Discussion post 5.2

5.2 Discussion: The Forgiveness of Sins…


Getting Started

I was once talking with a non-Christian about forgiveness. He felt that it was immoral and wrong for God to forgive the wrongs a person had committed in their lifetime. In his view once a person had lied, or murdered the deed was done. He felt like it was immoral for a person who had done wicked things to simply say they were sorry and ask for forgiveness and for God to forgive them. According to this man once an immoral deed was done the guilt was permanent.

In a way, I certainly understood what the man was driving at. I have told my children that the words we say are like toothpaste squeezed from a toothpaste tube: once they come out, they can never go back in. Much of our deeds and our words are like toothpaste from a tube. When we lie to our mother as a child the deed is done, the lie has left our lips. Even if we instantly turn around and confess the lie it does not change the fact that a lie has been uttered. In that way, truly, our lives are cluttered up and gummed up with the toothpaste of our lives, words and actions that accrue guilt.

In my conversation with the non-believer I ask him if by “guilt” he simply meant feelings of guilt or subjective guilt or if he meant objective guilt. I illustrated the difference by a simple and short story: Imagine if you were two people who were driving down the road: Person 1 in front and Person 2 in the back. A dog ran out in front of Person 1 but he didn’t see it. He did see, however, a pothole in the road and imagined the bump of hitting the dog to be the pothole so driver 1 continued on home and never thought about it again. Person 2 however, did not see the pothole but did see the dog. As his tire hit the pothole he thought he had hit and killed the little dog.

Stricken with guilt he pulled off the side of the road, picked up the dog and tried to find its owner. Once he had dropped the dog off at the owner’s home he went home feeling guilty for having killed the animal even though he had not actually killed it but only thought he did.

Now who “felt” guilt over killing the dog? Clearly Person 2. However, as we have told the story, it was Person 1 who should have or ought to have “felt” guilt but rather felt nothing at all. Subjective guilt is the feeling of guilt humanity has that, as our story illustrates, sometimes does and does not correspond with our objective guilt.

Illustrated another way, sometimes people who murder feel little or no guilt over their actions. If by “guilt”, we only mean “subjective guilt” than a murderer who has wiped out a whole family and feels no remorse is not thereby guilty and by what right do we put them in prisons or jail for they have no guilt? Conversely, objective guilt is the guilt we hold as doers of wrongful deeds whether we feel that guilt or not.

As I illustrated the story I asked him which guilt he was concerned with? He was concerned with objective guilt and so I asked him how does one remove objective guilt? Imagine going to a restaurant and ordering a hamburger. The cook, unbeknownst to you, spits upon your hamburger and you eat it, not knowing that you have been wronged. Has something wrong occurred? By whom to whom, how is it known? By all accounts the cook knows that he/she has wronged you but if he/she feels no guilt and no shame there is no subjective or felt wrongdoing involved. So does that mean no wrong has occurred? Clearly, this seems absurd, for if this were the case that only felt wrongs “counted”, murderers who wipe out whole families or people groups could not be guilty because there is, by definition, no one to feel the wrong. The Nazis, therefore, would be only guilty of the deaths of people who had loved ones left alive to “feel” the wrong of their death. To remove their wrongdoing, they simply had to kill enough people so that only those who were left were those who didn’t “care” about those murdered. Clearly something was wrong with that reasoning.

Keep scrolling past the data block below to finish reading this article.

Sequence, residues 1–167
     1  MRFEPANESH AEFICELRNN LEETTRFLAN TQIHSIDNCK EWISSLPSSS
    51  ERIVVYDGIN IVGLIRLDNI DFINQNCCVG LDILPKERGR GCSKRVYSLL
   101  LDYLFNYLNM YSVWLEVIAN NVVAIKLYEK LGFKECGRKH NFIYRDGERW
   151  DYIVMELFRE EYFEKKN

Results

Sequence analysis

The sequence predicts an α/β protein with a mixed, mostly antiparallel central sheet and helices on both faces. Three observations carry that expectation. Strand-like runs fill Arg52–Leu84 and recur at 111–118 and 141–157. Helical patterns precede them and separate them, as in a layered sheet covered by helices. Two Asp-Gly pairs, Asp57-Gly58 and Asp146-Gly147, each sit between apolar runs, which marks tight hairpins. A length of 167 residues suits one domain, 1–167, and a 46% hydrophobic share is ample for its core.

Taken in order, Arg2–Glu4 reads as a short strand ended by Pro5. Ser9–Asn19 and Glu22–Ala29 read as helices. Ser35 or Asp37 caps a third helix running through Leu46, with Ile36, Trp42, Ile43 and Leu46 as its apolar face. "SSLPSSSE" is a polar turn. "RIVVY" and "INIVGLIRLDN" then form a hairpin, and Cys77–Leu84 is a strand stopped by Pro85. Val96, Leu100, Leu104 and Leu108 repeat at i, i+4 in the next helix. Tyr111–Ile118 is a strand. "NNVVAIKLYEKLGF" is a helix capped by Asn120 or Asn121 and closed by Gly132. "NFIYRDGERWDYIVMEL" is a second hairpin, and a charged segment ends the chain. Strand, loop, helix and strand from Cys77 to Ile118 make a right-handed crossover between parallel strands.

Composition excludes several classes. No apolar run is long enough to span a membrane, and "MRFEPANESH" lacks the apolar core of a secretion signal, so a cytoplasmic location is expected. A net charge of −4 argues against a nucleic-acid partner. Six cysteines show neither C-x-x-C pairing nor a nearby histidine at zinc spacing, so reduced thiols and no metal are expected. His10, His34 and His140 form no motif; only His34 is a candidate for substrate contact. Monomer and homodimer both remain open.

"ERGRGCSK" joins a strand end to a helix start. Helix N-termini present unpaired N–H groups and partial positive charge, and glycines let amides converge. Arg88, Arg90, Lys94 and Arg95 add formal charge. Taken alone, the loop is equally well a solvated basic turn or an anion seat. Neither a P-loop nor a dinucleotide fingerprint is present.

So, we both reasoned together, neither subjective guilt nor subjective feelings of being wronged really mattered. What mattered was the objective guilt and objective wrongdoing. It was here that I closed my trap. Who could forgive objective guilt and objective wrongdoing? No human, not even a human who has been wronged, could forgive objective guilt. That was what Jesus provided for the believer.

Only God, who sees all and knows every wrongdoing and perceives every mistake, can offer forgiveness because he objectively sees all wrongdoing and perceives every objective guilt. Jesus’ death on the cross provided atonement for all of humanities wrong doing. He can remove both the subjective guilt we feel over our perceived wrongdoings and he removes the objective guilt for the wrongs we don’t even know to ask forgiveness for.

Upon successful completion of this discussion, you will be able to:

Articulate what the Creed means by forgiveness of sins.


Textbook: I Believe

Textbook: What Christians Ought to Believe


Review the rubric to make sure you understand the criteria for earning your grade.

Read Chapter 6 in I Believe.

Read Chapter 14 in What Christians Ought to Believe.

Navigate to the threaded discussion below and respond to questions 6 & 8 on page 112 of I Believe.

Your initial post is due by the end of the fourth day of the workshop.

Read and respond to at least two of your classmates’ postings, as well as all follow-up instructor questions directed to you, by the end of the workshop.

Your postings should also:

Be well developed by providing clear answers with evidence of critical thinking.

Add greater depth to the discussion by introducing new ideas.

Provide clarification to classmates’ questions and provide insight into the discussion.

Be posted on three different days during the workshop.

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